|Orientation des techniques d'élevage de la pisciculture artisanale dans le Centre Ouest de la Côte d'Ivoire|
Copin, Y.; Oswald, M. (1993). Orientation des techniques d'élevage de la pisciculture artisanale dans le Centre Ouest de la Côte d'Ivoire, in: Barnabé, G. et al. (Ed.) Production, environment and quality: Proceedings of the International Conference Bordeaux Aquaculture '92, Bordeaux, France, March 25-27, 1992. EAS Special Publication, 18: pp. 407-419
In: Barnabé, G.; Kestemont, P. (Ed.) (1993). Production, environment and quality: Proceedings of the International Conference Bordeaux Aquaculture '92, Bordeaux, France, March 25-27, 1992. EAS Special Publication, 18. European Aquaculture Society: Gent. 587 pp., more
In: EAS Special Publication. European Aquaculture Society, more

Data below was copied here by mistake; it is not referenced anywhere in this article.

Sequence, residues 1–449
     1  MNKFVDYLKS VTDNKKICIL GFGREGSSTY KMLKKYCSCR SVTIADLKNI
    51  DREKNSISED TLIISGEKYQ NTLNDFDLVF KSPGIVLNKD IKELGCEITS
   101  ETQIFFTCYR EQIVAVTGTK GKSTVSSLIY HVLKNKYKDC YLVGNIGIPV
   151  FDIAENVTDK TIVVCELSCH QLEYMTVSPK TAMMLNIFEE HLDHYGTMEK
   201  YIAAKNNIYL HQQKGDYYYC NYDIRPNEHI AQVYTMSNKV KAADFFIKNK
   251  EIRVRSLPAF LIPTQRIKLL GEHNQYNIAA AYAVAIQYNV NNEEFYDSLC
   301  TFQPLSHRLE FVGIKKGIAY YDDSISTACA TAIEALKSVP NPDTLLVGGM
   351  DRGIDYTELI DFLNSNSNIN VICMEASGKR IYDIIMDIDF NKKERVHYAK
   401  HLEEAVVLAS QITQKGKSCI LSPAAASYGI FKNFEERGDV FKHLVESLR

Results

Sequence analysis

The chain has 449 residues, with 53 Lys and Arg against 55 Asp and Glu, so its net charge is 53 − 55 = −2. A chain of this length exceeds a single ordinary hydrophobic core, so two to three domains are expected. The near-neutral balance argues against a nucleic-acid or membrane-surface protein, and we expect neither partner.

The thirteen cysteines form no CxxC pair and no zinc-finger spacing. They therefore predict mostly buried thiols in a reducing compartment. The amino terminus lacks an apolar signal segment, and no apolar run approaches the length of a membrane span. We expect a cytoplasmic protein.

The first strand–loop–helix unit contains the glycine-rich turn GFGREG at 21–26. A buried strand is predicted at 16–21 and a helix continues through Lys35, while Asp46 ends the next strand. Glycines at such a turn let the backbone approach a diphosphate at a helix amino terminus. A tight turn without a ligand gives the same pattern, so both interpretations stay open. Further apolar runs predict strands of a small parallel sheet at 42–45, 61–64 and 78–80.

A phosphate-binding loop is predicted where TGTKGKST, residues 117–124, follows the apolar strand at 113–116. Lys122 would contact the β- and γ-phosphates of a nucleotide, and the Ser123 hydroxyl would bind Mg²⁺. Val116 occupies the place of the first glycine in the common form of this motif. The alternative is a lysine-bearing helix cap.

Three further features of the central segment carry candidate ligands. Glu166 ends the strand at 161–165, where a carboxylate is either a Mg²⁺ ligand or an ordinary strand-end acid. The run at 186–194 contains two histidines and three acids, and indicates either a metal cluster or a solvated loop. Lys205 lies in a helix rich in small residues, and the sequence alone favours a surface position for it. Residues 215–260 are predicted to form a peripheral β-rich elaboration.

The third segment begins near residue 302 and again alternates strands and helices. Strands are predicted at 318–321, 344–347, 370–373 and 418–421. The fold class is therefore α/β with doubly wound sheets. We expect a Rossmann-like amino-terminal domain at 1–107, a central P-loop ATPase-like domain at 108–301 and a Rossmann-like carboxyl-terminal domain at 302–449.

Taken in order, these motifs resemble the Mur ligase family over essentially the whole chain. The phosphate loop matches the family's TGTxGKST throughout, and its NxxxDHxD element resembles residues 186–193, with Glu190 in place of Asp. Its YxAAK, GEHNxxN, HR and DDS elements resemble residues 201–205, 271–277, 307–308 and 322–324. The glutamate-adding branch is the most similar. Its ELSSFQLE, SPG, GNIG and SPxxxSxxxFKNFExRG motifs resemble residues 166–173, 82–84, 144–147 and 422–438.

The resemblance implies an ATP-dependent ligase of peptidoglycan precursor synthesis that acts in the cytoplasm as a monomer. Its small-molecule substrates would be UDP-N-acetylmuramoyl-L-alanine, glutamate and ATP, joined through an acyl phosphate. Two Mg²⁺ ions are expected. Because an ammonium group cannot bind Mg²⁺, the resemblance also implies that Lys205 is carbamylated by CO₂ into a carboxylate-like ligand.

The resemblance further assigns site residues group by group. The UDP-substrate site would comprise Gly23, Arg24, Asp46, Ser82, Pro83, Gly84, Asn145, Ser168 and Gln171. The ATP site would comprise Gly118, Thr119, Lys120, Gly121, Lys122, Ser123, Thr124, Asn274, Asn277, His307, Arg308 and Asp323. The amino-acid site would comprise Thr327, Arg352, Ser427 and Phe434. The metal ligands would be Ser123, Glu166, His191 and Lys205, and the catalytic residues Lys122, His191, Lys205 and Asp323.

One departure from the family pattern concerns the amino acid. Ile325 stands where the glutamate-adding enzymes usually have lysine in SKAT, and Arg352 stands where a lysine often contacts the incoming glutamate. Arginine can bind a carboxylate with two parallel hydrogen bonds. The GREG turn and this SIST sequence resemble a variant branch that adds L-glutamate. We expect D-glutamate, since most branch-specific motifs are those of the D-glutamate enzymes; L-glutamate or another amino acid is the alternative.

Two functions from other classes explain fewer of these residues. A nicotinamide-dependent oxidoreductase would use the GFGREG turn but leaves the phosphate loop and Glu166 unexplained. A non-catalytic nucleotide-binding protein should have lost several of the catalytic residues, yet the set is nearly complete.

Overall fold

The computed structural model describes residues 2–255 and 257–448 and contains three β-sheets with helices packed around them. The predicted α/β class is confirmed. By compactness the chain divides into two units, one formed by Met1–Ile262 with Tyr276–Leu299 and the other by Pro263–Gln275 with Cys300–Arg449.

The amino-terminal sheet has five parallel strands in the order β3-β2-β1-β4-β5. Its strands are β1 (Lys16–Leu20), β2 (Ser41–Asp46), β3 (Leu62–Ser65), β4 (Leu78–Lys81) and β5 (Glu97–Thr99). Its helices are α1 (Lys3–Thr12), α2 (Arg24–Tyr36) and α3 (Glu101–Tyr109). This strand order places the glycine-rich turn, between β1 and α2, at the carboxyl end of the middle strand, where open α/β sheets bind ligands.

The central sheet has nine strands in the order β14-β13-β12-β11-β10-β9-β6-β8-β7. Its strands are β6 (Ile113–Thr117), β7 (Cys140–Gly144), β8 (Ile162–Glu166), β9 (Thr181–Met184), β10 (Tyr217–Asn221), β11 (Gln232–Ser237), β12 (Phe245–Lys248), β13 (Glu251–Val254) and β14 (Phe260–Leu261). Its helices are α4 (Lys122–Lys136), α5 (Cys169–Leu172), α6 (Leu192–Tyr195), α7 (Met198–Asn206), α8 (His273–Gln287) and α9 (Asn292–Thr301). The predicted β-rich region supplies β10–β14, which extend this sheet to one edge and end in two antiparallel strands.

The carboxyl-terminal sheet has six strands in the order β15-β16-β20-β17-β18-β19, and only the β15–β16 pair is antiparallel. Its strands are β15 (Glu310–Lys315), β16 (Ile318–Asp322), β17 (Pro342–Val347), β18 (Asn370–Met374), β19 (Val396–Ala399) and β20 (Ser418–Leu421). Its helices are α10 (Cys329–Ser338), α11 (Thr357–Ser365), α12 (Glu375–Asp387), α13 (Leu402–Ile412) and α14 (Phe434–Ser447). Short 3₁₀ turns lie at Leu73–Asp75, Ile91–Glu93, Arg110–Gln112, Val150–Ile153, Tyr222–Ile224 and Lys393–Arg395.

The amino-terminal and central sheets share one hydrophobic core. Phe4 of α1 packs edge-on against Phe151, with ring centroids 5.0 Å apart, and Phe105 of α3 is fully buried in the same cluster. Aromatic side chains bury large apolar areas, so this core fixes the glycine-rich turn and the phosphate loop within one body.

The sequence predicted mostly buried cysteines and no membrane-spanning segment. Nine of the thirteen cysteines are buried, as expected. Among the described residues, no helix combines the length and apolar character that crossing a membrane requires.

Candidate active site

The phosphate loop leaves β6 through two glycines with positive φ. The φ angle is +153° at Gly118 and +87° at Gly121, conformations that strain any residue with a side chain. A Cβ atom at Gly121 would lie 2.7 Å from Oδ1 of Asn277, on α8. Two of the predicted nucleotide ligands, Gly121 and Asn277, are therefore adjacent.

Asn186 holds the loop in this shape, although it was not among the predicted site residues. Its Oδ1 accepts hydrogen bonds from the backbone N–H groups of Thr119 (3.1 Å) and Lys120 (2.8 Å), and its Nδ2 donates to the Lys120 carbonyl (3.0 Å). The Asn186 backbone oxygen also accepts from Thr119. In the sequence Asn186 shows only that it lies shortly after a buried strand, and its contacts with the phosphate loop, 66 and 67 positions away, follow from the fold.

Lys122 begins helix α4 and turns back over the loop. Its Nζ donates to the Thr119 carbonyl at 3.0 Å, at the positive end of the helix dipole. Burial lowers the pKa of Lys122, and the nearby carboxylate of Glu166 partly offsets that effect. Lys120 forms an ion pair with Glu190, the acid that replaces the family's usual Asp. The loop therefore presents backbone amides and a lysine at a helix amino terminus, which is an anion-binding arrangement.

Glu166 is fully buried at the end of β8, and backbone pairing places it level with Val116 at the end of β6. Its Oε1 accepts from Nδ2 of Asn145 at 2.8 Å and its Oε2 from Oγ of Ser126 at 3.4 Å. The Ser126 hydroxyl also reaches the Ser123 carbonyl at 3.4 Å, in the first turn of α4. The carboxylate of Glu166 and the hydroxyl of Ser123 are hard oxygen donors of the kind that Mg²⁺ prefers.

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Developing fish farming among the agricultural world of an African district has led to the orientation of the techniques according to the practice used by the local fishfarmers. In the west of the Ivory Coast, watching the local suburban fishfarmers (some have been living on this activity for 5 years) reveals a real ability to put into use a complex fishfarming technicality and at the same time an impossibility to advance towards more "intensive" techniques (referring to financial investment). Initially, these fishfarmers have adopted a single sex breeding technique Oreochromis niloticus associated to a predator and also have their own fry production. The inputs are rice bran and an organic fertilizer (breeding and slaughterhouse wastes). The fishfarmers sell Oreochromis when they reach the average weight of 200g. Net yields of Oreochromis often exceed the 4t.ha-1.yr-1. The fishfarmers have also adopted the polyculture with Heterotis niloticus and Heterobranchus isopterus. Frequently the yields reached for these species are respectively found between 0.8 and 1.2t.ha-1.yr-1 and 0.6 and 0.8t.ha-1.yr-1. The way how this technique has been set up is explained. This polyculture increases the production value. Fry production exceeds the farmer's needs for Heterotis, but they still depend on the catch in open surrounding water for Heterobranchus, artificial spawning has, however, been successfully tested on the farms. The choice of these techniques used by the local fishfarmers leads towards a larger use of labour (abundant factor) instead of capital (scarse factor) on their fishfarming units. The fishfarmers do not worry about the present economic crisis because the selling price depends essentially on how they pay their work, and fish meat is still the most accessible protein. To conclude, paths taken by the fishfarmers do not lead to an extensification nor an intensification but to an extensification of the capital and an intensification of the labour by area used. The fishfarming evolution can only be understood if we integrate all the farming system evolution of the fishfarmers concerned.